My SMART goal for this summer is to get at least an 85% in my finance class by working on my independent studies for at least 6 hours every week starting in July until it finishes in August. I will do this by visiting the professor’s office hours every other week and doing all the practice problems i can make. I will be able to do better in the class because I will be keeping my studies on track and creating a study group with other students in my class. A study group will help me be able to work out problems and bounce ideas off others. This is my SMART goal because it is specific about what I want, has check points that I can measure my progress with, is a reasonable goal that pertains to my degree and has a timeline that I can follow. 

A smart goal can be a useful tool to anyone trying to make the most of their time this summer and can help you spend less time on unimportant activities. When you make your smart goal remember to ask yourself is it as specific as possible? Will you be able to track its progress? Can you reasonably reach this goal? Why do you want to reach this goal? When should it be finished?  If you want to learn more about smart goals you can read about theme here or come visit us in the Office of Continuous Improvement in 135 W Wads, or email us at improvment@mtu.edu.

 


Safety and Lean

One of the most important aspects of any workplace is the safety of its workers. When most people think of safety in their workplace they envision long boring safety videos and training every so often, but shouldn’t we empower our workers to want to be safe? This is one of the ways that lean can be brought to safety to further improve it. Actually lean has a lot to offer safety in all of its different aspects.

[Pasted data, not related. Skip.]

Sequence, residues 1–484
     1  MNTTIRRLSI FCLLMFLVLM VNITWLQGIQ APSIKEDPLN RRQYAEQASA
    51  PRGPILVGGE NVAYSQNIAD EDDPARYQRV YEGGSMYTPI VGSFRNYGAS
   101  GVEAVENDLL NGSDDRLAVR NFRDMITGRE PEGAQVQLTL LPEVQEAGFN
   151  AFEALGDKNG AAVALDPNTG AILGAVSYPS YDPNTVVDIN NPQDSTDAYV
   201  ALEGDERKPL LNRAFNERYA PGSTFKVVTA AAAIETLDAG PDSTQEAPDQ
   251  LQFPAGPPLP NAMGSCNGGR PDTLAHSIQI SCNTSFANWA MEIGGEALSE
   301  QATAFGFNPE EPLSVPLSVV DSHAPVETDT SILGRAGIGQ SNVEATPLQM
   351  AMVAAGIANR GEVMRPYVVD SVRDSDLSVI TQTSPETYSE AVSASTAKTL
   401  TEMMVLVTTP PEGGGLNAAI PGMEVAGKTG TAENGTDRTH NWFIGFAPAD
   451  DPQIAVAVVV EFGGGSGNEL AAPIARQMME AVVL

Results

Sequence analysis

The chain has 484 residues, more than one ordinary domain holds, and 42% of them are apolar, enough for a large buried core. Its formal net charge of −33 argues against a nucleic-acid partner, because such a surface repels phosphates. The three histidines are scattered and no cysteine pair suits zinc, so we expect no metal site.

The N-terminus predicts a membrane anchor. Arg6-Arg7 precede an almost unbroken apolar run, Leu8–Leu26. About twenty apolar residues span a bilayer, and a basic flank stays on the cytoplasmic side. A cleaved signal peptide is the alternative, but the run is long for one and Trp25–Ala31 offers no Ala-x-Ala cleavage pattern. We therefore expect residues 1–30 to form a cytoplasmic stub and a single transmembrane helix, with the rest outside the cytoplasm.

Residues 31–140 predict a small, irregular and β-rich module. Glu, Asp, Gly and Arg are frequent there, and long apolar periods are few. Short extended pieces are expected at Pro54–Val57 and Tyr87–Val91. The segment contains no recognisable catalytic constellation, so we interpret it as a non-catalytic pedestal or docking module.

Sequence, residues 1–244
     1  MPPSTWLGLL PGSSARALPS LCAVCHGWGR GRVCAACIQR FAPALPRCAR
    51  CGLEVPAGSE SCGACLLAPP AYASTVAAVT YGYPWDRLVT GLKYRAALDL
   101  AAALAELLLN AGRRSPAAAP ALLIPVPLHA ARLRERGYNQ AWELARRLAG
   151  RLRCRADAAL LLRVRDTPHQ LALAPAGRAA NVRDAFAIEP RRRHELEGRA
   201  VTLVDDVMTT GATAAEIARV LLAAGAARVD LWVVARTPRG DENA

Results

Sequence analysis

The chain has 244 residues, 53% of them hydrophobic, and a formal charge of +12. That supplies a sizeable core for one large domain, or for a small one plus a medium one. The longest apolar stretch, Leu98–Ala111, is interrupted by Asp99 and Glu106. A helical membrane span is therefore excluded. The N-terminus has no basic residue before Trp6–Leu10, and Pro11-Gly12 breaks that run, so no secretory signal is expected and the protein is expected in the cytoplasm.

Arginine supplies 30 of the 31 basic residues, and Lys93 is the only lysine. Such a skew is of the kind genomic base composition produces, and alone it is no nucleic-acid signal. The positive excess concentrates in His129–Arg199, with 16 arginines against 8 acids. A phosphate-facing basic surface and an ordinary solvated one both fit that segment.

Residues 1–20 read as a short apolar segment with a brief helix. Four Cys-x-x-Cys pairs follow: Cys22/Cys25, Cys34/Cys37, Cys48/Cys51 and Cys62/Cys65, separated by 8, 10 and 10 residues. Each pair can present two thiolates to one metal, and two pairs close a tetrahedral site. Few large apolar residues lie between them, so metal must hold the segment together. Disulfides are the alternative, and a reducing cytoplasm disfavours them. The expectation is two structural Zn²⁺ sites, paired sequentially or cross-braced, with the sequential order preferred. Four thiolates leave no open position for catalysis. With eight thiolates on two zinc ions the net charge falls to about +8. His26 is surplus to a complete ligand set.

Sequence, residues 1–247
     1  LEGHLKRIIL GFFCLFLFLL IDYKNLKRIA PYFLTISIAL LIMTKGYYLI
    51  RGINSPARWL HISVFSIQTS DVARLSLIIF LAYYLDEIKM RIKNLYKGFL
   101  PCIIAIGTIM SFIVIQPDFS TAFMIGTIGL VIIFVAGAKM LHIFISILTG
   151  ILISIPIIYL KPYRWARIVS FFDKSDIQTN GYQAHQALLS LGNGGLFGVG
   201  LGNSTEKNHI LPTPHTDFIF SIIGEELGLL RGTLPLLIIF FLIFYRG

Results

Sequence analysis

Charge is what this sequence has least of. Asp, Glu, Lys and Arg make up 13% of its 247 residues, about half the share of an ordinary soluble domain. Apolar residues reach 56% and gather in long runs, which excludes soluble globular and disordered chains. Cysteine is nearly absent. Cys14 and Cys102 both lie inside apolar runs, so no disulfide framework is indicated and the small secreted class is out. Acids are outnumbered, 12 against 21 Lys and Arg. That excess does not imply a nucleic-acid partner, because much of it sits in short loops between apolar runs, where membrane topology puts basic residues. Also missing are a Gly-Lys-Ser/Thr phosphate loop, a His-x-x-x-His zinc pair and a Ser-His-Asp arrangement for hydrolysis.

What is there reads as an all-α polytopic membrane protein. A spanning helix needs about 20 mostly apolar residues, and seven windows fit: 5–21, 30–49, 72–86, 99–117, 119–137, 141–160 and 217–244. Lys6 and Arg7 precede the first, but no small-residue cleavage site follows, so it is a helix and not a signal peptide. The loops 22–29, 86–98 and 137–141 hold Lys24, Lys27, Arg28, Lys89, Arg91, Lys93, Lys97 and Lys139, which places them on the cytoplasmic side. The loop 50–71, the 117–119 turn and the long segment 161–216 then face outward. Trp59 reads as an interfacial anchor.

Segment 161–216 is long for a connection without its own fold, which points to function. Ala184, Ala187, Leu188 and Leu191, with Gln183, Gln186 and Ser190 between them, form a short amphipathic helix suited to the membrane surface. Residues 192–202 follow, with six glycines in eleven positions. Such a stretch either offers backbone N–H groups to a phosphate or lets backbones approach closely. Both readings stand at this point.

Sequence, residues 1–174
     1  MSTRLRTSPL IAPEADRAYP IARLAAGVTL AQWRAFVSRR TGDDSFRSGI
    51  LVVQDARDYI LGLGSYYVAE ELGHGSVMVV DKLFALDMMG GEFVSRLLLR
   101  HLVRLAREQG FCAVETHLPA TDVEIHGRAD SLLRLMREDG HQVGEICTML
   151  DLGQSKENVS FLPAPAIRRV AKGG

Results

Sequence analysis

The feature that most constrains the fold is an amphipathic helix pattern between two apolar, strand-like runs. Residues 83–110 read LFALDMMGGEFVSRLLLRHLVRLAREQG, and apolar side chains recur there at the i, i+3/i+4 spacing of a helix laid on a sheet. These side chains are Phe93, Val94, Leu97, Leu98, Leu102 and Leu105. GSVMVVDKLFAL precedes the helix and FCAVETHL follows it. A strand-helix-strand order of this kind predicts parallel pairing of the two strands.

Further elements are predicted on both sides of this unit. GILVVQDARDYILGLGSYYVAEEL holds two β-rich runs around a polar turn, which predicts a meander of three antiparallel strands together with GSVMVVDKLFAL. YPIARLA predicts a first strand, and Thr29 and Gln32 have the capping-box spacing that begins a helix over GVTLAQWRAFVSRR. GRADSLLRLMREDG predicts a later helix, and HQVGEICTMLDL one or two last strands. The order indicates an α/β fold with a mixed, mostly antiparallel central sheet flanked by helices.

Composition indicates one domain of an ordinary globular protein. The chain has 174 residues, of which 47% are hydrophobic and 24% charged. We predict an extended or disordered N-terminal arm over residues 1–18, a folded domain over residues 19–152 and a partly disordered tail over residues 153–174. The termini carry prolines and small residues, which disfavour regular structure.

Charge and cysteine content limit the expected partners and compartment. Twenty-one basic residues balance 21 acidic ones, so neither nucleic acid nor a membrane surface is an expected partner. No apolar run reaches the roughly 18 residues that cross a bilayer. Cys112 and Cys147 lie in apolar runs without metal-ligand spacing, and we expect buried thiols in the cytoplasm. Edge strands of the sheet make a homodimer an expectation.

One of the biggest things lean does to change the environment of safety at the workplace is the safety professionals will treat the workers as their costumers. This is different from the average environment because normally safety professionals will view the upper management or board of directors as their customer. When shifting it from “what does management want in safety” to “what do the workers want in safety”, it allows the workers to have more control of how and what they are learning about safety at their workplace. It enables them to learn in a way they want to, and makes them more apt to be engaged during those training sessions.

Another way lean changes the environment of safety is it can help to make safety more apparent and visual. This can be done through the use of visual management. By creating visual cues and diagrams of the right and safe way to do something it will give the employees something to refer to and model after. Visual management in this situations also allows anyone who is walking around to determine if the act is right or wrong or safe or not. This allows for anyone to identify an unsafe action and help to correct it before it turns into an injury.

Another aspect that goes along with Visual Management that can improve the safety of workers is the 5S workplace organizational tool. During a 5S, an area or process gets sorted, set, shined, standardized, and sustained. This improves safety in many ways. Some of these ways include the removal of clutter, ensuring spills get cleaned up quickly, having necessary tools close to where they are needed, and the elimination of unsafe practices through standardization. All of these aspects of 5s help to ensure workers are doing their jobs in the safest way possible.